I enjoy reading outside my usual genres from time to time. Left to my own devices, I’ll read mysteries and sci-fi, mainstream bestsellers and an occasional thriller. I’ve been pushing myself to read more literary fiction, horror, and romance. Even when I don’t love the genre, there’s a lot of learn and appreciate.
But the genre I’ve had the hardest time with is romance.
It’s been my observation (fair or not) that most romance heroines are whiny, thinly-drawn stand-ins for the reader. They’re beautiful enough to make all the men swoon around them (we’re told) and mostly they’re horny for the handsome man’s lifestyle. He’s rich, and she’s pretty. They feel horny for each other, push the feelings away, have some cute dates, fight over something trivial, then fall back into each other’s arms. Happily ever after.
Now, you could just as easily diss a murder mystery. Oh? ANOTHER dead body? Oh ANOTHER quirky nosy sleuth persistently asking questions until they come at the truth, while some dim-brained cop drools and does all the wrong things in the periphery?
We all have the stories that scratch our itches. As a writer, the knack is to meet expectations for the genre (give em what they want!) but to also make it fresh and interesting. Usually this happens with characters, setting, tone, or twists on old familiar tropes.
Beach Read by Emily Henry followed the romance formula. Yes, the heroine was a bit whiny and immature at times. (So was the hero.) But the story took the time to explore how these characters had landed at those attitudes, and we saw them helping one another break free from their baggage. That was nice!
I usually can’t relate to a romance heroine. She comes across as hopelessly shallow to me, a cardboard cutout with tits. This time, both leads were immediately relatable:
Her, a romance writer who’d just been dumped.
Him, a dark literary fiction author with an attitude problem.
Their banter was pretty funny!
“Anyway,” I said, still fighting a blush. “You never told me what you write, Everett. I’m sure it’s something really groundbreaking and important. Totally new and fresh. Like a story about a disillusioned white guy, wandering the world, misunderstood and coldly horny.”
A laugh barked out of him. “Coldly horny? As opposed to the very artfully handled sexual proclivities of your genre? Tell me, which do you find more fascinating to write: love-struck pirates or love-struck werewolves?”
The book also benefits from a smart premise, they challenge each other to a “bet”, agreeing write books in each other’s genres, and to teach one another to do research. She takes him dancing. He takes her to interview families of suicide cult victims.
When I pick up a romance, I’m not usually expecting a suicide cult. And I do enjoy being surprised!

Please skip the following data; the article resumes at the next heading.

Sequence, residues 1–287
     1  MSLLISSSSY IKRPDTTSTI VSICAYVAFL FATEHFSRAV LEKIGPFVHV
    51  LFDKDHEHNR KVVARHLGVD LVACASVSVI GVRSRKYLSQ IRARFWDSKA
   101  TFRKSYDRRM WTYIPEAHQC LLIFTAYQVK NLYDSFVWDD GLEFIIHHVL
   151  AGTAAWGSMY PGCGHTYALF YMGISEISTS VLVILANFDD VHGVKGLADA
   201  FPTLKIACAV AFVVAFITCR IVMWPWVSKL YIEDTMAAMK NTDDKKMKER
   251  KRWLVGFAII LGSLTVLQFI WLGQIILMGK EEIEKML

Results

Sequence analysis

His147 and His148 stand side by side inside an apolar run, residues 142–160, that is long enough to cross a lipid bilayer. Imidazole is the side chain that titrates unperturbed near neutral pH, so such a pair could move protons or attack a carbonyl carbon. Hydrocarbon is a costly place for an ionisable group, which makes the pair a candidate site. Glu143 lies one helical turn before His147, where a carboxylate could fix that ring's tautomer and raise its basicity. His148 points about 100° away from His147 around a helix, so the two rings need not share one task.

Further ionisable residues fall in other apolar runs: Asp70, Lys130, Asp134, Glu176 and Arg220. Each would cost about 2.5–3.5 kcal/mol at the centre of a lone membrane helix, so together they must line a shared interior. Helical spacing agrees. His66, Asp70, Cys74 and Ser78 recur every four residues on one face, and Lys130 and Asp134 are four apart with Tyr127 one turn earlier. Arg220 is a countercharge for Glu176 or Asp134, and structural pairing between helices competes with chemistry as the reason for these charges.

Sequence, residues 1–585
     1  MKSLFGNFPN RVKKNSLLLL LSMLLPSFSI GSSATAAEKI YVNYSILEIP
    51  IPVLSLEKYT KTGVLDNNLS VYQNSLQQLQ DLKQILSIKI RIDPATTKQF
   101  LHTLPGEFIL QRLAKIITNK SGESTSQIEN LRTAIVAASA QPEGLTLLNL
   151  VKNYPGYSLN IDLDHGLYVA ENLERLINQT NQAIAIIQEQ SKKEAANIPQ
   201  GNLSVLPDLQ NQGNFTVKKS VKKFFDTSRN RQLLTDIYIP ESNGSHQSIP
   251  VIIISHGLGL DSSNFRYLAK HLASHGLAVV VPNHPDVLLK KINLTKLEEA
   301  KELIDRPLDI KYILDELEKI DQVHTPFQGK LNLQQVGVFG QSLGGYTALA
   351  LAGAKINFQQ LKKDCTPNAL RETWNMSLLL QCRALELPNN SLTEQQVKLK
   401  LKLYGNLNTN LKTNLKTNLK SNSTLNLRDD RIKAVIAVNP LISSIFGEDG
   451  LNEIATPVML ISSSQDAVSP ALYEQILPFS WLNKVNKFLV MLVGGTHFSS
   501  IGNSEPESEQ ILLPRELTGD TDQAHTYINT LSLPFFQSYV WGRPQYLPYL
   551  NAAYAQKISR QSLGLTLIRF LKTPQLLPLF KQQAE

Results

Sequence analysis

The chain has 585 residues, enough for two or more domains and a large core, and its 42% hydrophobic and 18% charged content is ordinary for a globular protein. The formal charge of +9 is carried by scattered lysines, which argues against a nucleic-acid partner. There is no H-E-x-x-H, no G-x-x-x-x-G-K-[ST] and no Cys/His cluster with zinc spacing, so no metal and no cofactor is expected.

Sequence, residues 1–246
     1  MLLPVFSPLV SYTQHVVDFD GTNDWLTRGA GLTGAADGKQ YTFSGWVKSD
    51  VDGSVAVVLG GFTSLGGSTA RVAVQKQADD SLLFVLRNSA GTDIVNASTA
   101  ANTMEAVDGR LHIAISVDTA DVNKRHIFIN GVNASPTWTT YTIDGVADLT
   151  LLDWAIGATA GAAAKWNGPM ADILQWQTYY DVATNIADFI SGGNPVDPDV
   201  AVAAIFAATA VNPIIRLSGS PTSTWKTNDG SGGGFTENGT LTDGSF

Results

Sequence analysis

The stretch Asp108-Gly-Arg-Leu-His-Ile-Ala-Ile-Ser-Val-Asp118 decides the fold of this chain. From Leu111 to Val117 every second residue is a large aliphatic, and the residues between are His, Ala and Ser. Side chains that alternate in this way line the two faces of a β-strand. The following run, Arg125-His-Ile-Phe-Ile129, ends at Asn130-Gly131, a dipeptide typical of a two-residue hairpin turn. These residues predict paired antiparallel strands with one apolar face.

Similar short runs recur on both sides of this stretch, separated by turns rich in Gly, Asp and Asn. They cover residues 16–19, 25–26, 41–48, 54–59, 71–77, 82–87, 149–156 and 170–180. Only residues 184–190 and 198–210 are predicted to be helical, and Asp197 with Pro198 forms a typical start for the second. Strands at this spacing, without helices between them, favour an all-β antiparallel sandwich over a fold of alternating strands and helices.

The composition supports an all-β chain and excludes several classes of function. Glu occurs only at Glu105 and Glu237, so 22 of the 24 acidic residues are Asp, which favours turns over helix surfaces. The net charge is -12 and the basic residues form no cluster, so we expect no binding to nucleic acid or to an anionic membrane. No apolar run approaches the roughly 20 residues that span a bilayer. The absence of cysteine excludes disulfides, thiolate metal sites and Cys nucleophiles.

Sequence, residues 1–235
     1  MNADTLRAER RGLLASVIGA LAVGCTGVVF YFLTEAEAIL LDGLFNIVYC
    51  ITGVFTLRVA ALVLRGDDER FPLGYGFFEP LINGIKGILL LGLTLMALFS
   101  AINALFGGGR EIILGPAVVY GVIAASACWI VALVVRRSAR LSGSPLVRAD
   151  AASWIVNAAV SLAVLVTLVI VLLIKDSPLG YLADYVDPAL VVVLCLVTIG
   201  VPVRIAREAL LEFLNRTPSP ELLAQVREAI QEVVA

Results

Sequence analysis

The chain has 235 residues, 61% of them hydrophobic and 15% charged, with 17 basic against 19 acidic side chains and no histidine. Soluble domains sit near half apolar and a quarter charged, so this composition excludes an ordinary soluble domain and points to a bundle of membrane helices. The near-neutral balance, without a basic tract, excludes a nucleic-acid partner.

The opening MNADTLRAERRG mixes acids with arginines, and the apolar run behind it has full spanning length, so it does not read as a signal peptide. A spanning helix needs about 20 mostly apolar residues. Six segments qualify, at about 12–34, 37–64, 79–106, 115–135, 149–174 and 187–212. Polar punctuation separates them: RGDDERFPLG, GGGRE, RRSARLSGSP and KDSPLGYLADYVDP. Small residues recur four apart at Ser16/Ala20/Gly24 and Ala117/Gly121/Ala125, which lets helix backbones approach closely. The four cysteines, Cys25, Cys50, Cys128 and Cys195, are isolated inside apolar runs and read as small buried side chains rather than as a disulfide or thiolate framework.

They gradually become comfortable enough to share their life stories with one another. And it’s both painful and real. Not shallow at all.
Right there, that’s what I enjoy best about a romance novel done well. The emotional intimacy that changes both character’s lives. That’s the good stuff.
I was amused to peek at the reviews and see that while the book was very successful, there were plenty of romance readers who didn’t care for it. Too dark! Too deep! Too much time talking about feelings! Not enough sex! Not “lighthearted” enough!
And hey, there’s nothing wrong with liking what you like. The reasons they didn’t like the book were precisely the reasons I did. But I also liked it because for once (and this is a rarity) there were elements of both hero and heroine I could relate to.
It wasn’t just “he’s sexy and grouchy” and “she’s beautiful and headstrong.”
Writerly Lessons Learned
- Genre fiction “formulas” need not be a recipe for boring if the characters are unique, fun, and relatable.
- Switching up the emotional tone of a genre (darker, lighter) can make it enjoyable to readers who might otherwise not be into that story.
- A fun “premise” (aka: writing each other’s genres as a bet) can make a familiar storyline feel fresh and exciting.
I’ll add one more. Right up front, the heroine made a bunch of immature stupid choices in a row, and I almost put the book down. You know, the “I could have solved all my problems in five minutes but I chose to be dumb” kind of choices.
Much like the dumb memory-loss subplot in Hail Mary, that single chapter of idiocy set up a nice structure for the rest of the book. So I’ll add:
- Characters need room to grow, and sometimes that makes them a little stupid at the start. Just make sure they don’t stay there.
If a character is too obtuse, I lose all interest in following them. But it’s still a good reminder that in some genres, romance being a big one, the character arc goes from “broken” to “healed” and so you gotta start things out messy.
Perhaps this is why there are shallow, whiny, immature heroines in so many romances these days. Many romance writers, unwilling to go “dark or deep” enough to explore why a character is broken, default their heroines to “asshole.” Beach Read followed the “broken” to “healed” arc without falling into those pitfalls, and it was nice see it.
Anyway, those are my writerly thoughts about Beach Read. If you’re curious about romance but don’t really like romance, you might enjoy this one.